“We quote-unquote live in a progressive city, a sanctuary city, when in actuality, we live in the Deep North,” said one woman. “We like to give ourselves a pat on the back, when in actuality, a pregnant black woman was killed in front of her children.”
At an angry, overflowing public forum Tuesday night, relatives of the woman shot dead by Seattle police in her Northeast Seattle apartment this month called for better police training and disputed suicide-by-cop theories purporting that Charleena Lyles tried to get officers to kill her.
“My daughter loved life,” Charles Lyles, Jr., the woman’s father, told the large crowd assembled at the University of Washington’s Kane Hall before the City Council. “There’s no way she would’ve wanted the cops to come in and kill her, especially in front of her kids.”
Several other people who took to microphones raged against what they described as police brutality, called for widespread police reforms and variously labeled Lyles’ shooting as a “murder” and a modern-day “lynching” by police.
“Fix the system. We are dying. We are burying our children. We had said earlier insanity is doing the same thing expecting a different result,” said Sheley Secrest, a black woman, an NAACP leader and City Council candidate. “Let’s use this time to make sure we’re doing this differently.”
Two officers fatally shot Lyles, 30, on June 18 after she reported a burglary. Police say she displayed two knives after they arrived. Three of her children were home at the time. The Police Department is investigating the shooting.
The Seattle King County NAACP this past week called for the City Council and Mayor Ed Murray to host a public hearing with Police Chief Kathleen O’Toole, but the chief declined to attend Tuesday’s forum.
“If Chief O’Toole is not available to answer questions tomorrow, it will reiterate to the community that a business-as-usual investigation will not result in justice for Charleena,” Councilmember Kshama Sawant wrote Monday in a letter to Councilmember M. Lorena González, who hosted the forum.
González, who chairs the council’s public-safety committee, said the forum wasn’t meant to be “a public deposition of Chief O’Toole,” but an opportunity for the community to engage elected officials about police accountability, mental health and other pressing issues.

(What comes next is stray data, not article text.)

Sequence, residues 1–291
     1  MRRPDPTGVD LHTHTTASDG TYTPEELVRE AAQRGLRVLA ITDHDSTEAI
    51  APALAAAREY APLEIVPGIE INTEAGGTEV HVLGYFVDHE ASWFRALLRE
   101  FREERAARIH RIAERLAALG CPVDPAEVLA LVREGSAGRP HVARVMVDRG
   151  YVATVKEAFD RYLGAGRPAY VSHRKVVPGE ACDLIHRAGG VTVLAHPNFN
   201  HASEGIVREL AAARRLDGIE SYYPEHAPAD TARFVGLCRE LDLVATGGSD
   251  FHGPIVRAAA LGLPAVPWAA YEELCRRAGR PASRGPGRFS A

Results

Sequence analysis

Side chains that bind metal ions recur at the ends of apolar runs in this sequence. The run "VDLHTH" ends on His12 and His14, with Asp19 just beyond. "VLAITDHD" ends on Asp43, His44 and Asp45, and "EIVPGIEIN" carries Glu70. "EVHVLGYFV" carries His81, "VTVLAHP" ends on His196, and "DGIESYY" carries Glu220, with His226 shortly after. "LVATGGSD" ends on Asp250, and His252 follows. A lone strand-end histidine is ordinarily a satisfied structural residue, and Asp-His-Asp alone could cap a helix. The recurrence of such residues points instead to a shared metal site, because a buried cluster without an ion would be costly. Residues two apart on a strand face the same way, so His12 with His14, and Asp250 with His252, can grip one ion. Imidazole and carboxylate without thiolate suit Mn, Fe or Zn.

In a letter Monday, O’Toole responded to what she described as Sawant’s “disappointing level of ignorance of SPD policies and clear disdain for the investigatory process and review that SPD is court-mandated to follow.”
“Facts matter and pre-judgment of this incident by any of us would be completely irresponsible,” O’Toole wrote.
The police department is under a 2012 consent decree requiring it to adopt reforms to address excessive force and biased policing.
During the at-times fiery meeting, citizens voiced frustrations at a perceived lack of progress on police-brutality issues, blasting city officials for failing to bring about lasting change and accountability.
“Every City Council has failed to make the police accountable,” said the Rev. Harriett Walden, a longtime police-reform activist. “You control the purse strings, you control the budget.”
Some criticized recent praise for data showing the Police Department making improvements in its use of force, while others recounted years of suspect police shootings and railed against perceived institutionalized bias against blacks.
“We quote-unquote live in a progressive city, a sanctuary city, when in actuality, we live in the Deep North,” said Natasha Thornton, who described herself as biracial. “We like to give ourselves a pat on the back, when in actuality, a pregnant black woman was killed in front of her children.”
Others criticized what they viewed as a failure by officers to try to de-escalate their encounter with Lyles before shooting her, and some blamed her death on the fact that one officer trained to use a Taser had left the less-lethal weapon in his locker.
The police department has released audio and video from the shooting, identified the officers involved — Steven McNew and Jason Anderson — and released their statements to investigators.
Lorna Murray, a downstairs neighbor of Lyles, said she was “sickened” to read police reports and hear police audio of the shooting. She said officers discussed Lyles’ mental-health issues from a previous police response to her apartment in a demeaning way before heading to her apartment.
“It concerns me that they had her dehumanized and that they pretty much made up their minds about Charleena before they got to the home,” she said. “Their intent was never to come there to help. We know that from the audio.”
Michele Storms, deputy director of the ACLU of Washington, moderated the forum and set ground rules at its opening by reading a series of voluntary “community agreements” that she asked the crowd to adhere to ensure “a productive meeting.”
The rules allowed Lyles family members to speak first, followed by women and men of color, then others.
Charles Lyles, Sr. — the dead woman’s grandfather and a retired labor leader and Navy veteran — expressed his concern at what he sees as diminishing police training in how to effectively deal with crisis situations.
“There has been many unnecessary killings like this across the United States over the past few years,” he said. ”Something has to be done.”
At the end of the forum, City Council members took turns addressing the crowd.
“I think the police chief and the police department should be here,” Councilmember Mike O’Brien said.
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Council President Bruce Harrell described the hearing as part of an “era of justifiable anger,” and noted “the biggest tragedy in my mind … is Charleena is not here to defend herself.”
Councilmember Sally Bagshaw said she’d never heard more passion, anger and fear expressed during a public hearing. “I am not the same person leaving here that I was when I walked in that door,” she said.